Dr Eric Irving, an appreciation

DR ERIC IRVING, who has died at the age of 75, in hospital in Ayr, was a well-known practitioner in Fort William and Ayrshire, and his sudden, unexpected death has come as a shock to his family and friends.

His first position, in Fort William, was as an anaesthetist at the local hospital, where he was called out at all hours of the day and night, not only to assist local patients, but

also in the aftermath of dramatic mountain rescues as a result of which, emergency surgery was often required.

He then moved into General Practice and was the founding senior partner of the town’s Craig Nevis Surgery, where he remained,

a well-loved member of the community, for almost 30 years. Many of the local people remember relying upon him for his support and compassionate bedside manner.

Being a rural GP in those days meant being on call to visit houses

in the evenings and all through the night. He often found himself having to drive up glens or along dark

farm tracks in gale-force winds and snowstorms, sometimes with the offer of a warming dram on arrival for his efforts.

This was not a job for the

faint-hearted; it demanded a wide range of skills and a pragmatic, can-do mindset. With secondary

care much further away than would be the case in busy urban areas,

he would find himself managing critically unwell patients until they could be moved to the appropriate facilities.

Many would argue the demands

of being a rural GP will make such people be among the most clinically robust in the profession. Eric became a highly-regarded professional during these years and retired from this demanding role in 1998.

He and his wife, Lorna, moved back to Ayr a year later, where he continued to do locum work as a General Practitioner in the Ayrshire community for several years.

Eric Watson Irving was born in Campbeltown on January 16, 1945, to William Black Irving, from Tarbert, and Mary Clark Watson, from Campbeltown. He and his brother Anthony attended several Ayrshire schools – Campbeltown Primary, Kilwinning Primary and Dalmellington Secondary for three years, where their father was head teacher. Eric then moved on to Ayr Academy.

He gained his medical degree at

St Andrews University and Queen’s College, Dundee, beginning his studies in 1963.

On qualifying, he undertook medical and surgical residencies in Heathfield and Ayr County Hospitals. It was here his attention was caught by a very attractive fair-haired nurse named Lorna, and it was not long before they were going out together on a regular basis. Eric went on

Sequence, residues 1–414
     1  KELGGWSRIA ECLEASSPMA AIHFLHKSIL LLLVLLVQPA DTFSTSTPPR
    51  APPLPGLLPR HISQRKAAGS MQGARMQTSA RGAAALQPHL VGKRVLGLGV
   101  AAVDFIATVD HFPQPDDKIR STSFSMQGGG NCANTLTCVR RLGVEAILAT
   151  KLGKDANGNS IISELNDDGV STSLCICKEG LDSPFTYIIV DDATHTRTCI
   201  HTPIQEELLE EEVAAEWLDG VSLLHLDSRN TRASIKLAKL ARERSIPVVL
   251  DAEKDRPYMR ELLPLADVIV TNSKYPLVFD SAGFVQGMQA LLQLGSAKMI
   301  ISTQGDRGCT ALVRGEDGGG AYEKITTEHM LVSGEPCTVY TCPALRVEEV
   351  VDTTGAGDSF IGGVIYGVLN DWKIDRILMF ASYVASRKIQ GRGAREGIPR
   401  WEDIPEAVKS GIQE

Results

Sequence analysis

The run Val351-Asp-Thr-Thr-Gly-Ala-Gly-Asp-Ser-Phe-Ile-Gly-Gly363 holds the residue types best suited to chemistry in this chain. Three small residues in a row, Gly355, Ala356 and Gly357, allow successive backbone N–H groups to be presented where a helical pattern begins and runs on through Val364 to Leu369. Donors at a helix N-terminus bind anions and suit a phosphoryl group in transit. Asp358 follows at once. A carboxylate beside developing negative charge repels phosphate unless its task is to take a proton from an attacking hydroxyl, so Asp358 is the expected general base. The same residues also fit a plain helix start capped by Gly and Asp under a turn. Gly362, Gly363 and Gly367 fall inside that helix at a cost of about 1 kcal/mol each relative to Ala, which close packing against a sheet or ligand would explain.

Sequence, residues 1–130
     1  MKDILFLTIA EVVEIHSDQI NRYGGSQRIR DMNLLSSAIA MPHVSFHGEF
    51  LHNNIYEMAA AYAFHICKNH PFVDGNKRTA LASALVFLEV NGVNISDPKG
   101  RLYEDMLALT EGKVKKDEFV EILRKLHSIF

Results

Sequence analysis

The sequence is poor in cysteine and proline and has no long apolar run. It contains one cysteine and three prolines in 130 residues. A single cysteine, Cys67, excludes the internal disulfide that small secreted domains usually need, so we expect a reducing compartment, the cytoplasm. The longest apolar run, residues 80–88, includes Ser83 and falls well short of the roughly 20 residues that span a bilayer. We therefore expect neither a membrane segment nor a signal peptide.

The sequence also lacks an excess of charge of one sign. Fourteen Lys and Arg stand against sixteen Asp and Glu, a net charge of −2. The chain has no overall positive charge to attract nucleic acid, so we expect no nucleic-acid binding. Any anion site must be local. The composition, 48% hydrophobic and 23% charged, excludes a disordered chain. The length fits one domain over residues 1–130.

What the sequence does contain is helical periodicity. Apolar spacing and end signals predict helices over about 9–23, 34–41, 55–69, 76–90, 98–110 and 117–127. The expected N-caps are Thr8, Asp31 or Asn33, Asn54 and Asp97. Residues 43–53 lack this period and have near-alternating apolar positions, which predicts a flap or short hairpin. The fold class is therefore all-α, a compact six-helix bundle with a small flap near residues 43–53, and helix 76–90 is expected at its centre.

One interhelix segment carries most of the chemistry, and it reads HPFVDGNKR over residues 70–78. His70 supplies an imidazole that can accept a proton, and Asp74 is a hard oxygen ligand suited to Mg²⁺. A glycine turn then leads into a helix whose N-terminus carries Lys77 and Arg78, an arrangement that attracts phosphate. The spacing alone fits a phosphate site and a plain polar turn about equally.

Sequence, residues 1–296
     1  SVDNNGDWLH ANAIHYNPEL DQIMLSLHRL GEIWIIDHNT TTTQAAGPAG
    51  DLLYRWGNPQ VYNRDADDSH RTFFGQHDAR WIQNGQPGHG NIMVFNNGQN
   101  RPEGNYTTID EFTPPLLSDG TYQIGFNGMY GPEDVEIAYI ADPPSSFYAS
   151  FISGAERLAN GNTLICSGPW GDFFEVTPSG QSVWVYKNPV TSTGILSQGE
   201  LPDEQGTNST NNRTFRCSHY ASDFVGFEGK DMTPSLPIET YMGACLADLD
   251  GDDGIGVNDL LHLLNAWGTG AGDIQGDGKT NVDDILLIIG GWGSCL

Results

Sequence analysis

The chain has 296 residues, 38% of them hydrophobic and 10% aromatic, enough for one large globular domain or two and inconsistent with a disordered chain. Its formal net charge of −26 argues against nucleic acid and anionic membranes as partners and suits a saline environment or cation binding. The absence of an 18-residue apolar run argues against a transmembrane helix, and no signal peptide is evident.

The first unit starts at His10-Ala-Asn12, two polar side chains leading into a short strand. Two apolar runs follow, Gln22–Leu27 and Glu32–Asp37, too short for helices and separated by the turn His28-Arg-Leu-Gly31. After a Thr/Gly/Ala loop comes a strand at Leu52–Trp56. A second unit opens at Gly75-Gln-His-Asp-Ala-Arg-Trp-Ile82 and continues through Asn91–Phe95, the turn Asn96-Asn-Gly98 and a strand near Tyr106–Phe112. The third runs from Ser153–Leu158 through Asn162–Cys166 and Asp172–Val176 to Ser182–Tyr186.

to be the Registrar at Law Hospital, Lanarkshire.

He married Lorna in 1970 and soon after with their baby son, Lorne, they decided to make a big life move and accept a position in the Belford Hospital, Fort William.

Four years later their daughter

Isla was born and they began to put down some long-term roots in the rural community.

Eric had a keen, lifelong interest in all types of cars, especially BMWs, and he owned a Bedford Dormobile.

Many a family holiday was spent driving in the Dormpbile through England, crossing the Channel and heading to the South of France to

go camping in the sunshine of the French Riviera, always visiting the purple lavender fields of Provence

en route.

Back home, he loved to spend his Sunday afternoons watching the Formula One racing; if for any reason he was unable to watch it, he would go to great lengths to record

it and set aside time to catch up

at his leisure.

After moving back to Ayrshire, and in semi-retirement, Lorna and Eric loved to travel. They spent time in Canada, France and Mauritius, and when their daughter moved to Australia, they spent long holidays there, enjoying quality time with their grandchildren.

Eric is remembered as someone who was very sociable, with a pawky sense of humour. He maintained contact with a wide range of friends from his Ayr Academy days. He had an abiding interest in Argyll and had many happy memories of carefree holidays spent in Tarbert, Loch Fyne, with his cousins at their grandparents’ home in Heathfield.

Lorna was a keen bird-watcher and regularly involved Eric in her hobby. While Eric would never admit to being a birder, he kept up a weekly outing with fellow birdwatchers in Ayr after Lorna died in 2013. He continued to meet them until the pandemic lockdown.

Eric had a deeply inclusive attitude to people: no matter their background there was always a seat at the table for them. One of his neighbours’ children in Fort William remembers that he was always the first to put

his hand in his pocket when the

new cinema opened and the eager youngsters in the street wanted to go.

Another neighbour reminisced that as a great neighbour and friend, Eric could always be relied upon for help and advice on car maintenance, garden landscaping and home improvements.

Even although he was a very busy GP, with innumerable demands

on his time and his professional expertise, he always had time to

help out, often hoping to get a look

at a car engine or to lend all sorts

of equipment.

Eric is survived by son Lorne,

who lives in Ayr, by Isla, who lives in Sydney, Australia, and by his brother, Tony, who lives in Edinburgh.